Day 23 of The Single Woman Blog Challenge: Talk about a moment when you got annoyed with a married friend, a person in a relationship, or a person with kids.

Guess who’s bizzack? This has been the craziest week in the most amazing of ways but I haven’t forgotten about you or the single struggle and so here we are with today’s topic.

I made the mistake once of lamenting about my personal single life to the wrong married person. She asked me how my person life was and I recounted how difficult it had been to find an educated, financially stable man who was looking for a serious relationship (and wasn’t a narcissist). So she said to me that maybe I needed to lower my standards and I shot back, “why? so I can settle for a man who can’t read and can hardly keep a job?” The words were out of my mouth faster than Bruce Lee’s one-inch punch. I didn’t mean to go there but I didn’t feel she had the right to criticize me for wanting more in a partner. Her only defense was that her husband could, in fact read.

This person assumed that I was single because no man could ever live up to what she would call my expectations; I call them requisite antecedent characteristics for getting involved with me. I had been in a relationship before where I was carrying the intellectual and sometimes, even the financial burden and well I decided that I didn’t want to do that anymore and that I shouldn’t have to. It doesn’t make me uppity…maybe it does and I’m OK with that because I enjoy the finer things in life and deserve only the best.

Somewhere along the way, some married people decided that a piece of paper and a name change made the the foremost authorities on singlehood because they had escaped. But I implore my married (and boo-ed up) readers out there to remember that not all single people are clueless when it comes to the type of person that would be a good partner for them or what being married is actually like. Once you become a certain age and have experienced certain things, you loosen your grip on the belief that your life would be better simply if you were married or that if you love the person you do marry, everything else will work itself out. I’m not at the age anymore where I can afford to be naive and I wish people wouldn’t assume that I was just because I’d like someone to share my life with.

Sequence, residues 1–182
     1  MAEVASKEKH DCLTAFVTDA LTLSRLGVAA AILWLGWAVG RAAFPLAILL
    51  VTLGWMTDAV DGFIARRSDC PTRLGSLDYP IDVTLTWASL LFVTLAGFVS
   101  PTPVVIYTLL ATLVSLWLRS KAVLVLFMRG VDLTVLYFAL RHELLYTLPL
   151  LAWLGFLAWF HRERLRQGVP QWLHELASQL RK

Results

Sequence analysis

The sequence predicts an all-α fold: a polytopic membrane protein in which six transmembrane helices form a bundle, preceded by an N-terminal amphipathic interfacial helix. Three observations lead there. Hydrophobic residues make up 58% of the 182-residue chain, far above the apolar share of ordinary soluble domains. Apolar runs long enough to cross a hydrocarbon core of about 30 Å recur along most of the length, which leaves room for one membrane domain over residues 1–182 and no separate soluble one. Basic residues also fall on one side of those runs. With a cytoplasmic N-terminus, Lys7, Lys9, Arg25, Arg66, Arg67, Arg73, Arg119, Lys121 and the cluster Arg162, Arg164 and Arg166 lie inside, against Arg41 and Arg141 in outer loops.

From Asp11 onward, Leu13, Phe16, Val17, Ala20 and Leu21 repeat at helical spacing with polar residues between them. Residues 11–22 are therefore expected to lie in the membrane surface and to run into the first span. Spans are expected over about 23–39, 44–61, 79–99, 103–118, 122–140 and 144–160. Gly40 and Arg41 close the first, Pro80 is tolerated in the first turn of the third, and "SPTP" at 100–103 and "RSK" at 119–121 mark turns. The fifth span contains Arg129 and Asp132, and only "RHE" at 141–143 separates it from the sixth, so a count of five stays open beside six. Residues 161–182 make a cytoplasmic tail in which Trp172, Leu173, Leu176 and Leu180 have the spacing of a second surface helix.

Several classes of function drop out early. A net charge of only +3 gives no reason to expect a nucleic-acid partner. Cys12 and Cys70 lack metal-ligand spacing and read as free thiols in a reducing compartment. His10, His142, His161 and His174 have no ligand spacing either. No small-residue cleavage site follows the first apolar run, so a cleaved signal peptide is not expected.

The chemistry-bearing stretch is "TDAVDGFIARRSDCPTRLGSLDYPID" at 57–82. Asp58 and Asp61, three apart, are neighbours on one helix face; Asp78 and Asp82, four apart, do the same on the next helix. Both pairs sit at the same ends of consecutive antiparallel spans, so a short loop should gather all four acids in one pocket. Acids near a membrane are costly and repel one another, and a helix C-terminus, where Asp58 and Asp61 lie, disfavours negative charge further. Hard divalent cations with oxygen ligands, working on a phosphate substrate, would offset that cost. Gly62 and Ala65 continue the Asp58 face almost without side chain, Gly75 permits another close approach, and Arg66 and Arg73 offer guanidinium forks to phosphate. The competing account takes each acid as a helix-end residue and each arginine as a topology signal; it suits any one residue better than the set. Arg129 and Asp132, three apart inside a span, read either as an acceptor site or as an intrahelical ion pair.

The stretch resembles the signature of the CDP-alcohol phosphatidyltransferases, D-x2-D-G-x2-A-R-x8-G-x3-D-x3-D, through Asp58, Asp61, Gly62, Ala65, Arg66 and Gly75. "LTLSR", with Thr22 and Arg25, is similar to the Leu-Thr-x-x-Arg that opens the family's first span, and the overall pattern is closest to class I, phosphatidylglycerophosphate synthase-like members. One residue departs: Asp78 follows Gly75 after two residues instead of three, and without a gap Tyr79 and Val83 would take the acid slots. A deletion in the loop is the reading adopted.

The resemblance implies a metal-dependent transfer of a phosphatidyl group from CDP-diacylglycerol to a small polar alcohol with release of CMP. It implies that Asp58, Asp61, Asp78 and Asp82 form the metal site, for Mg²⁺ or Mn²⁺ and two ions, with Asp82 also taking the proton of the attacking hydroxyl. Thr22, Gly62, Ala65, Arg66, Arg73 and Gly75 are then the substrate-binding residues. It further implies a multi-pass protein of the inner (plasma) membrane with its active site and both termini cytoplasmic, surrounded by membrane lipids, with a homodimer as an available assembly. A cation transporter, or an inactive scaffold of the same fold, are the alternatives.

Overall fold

About two years after the conversation above took place, this person admitted to me, out of the blue, that I had been right; she had settled and she had no place to tell me who I should date or want to be with. She said she wished that she had waited and admired my determination to be prudent in making my choice and for knowing the type of relationship I wanted and the type of person who would be a good fit for me. That’s not to say that I would automatically dismiss or not even consider someone who doesn’t embody certain characteristics but I know that in order to withstand the challenges of a relationship or marriage, if we both don’t meet certain criteria, it won’t work out.

People make a lot of assumptions in life; it’s human nature. Because of the sheer amount of information we have to take in and synthesize on a daily basis, we take mental shortcuts otherwise, we would never have the mental capacity available to make a simple decision such as what to wear to work that day. And so we literally jump to conclusions once we have assimilated enough of the facts to make what we think is a logical observation but we are often wrong about the the context and thus the conclusion is based on faulty premises. People assume that single people actively do things that keep them single; that we hold monthly meetings to determine how we can best sabotage our chances for a relationship and then flawlessly execute our strategies. I mean, that MUST be it because what else could it be?


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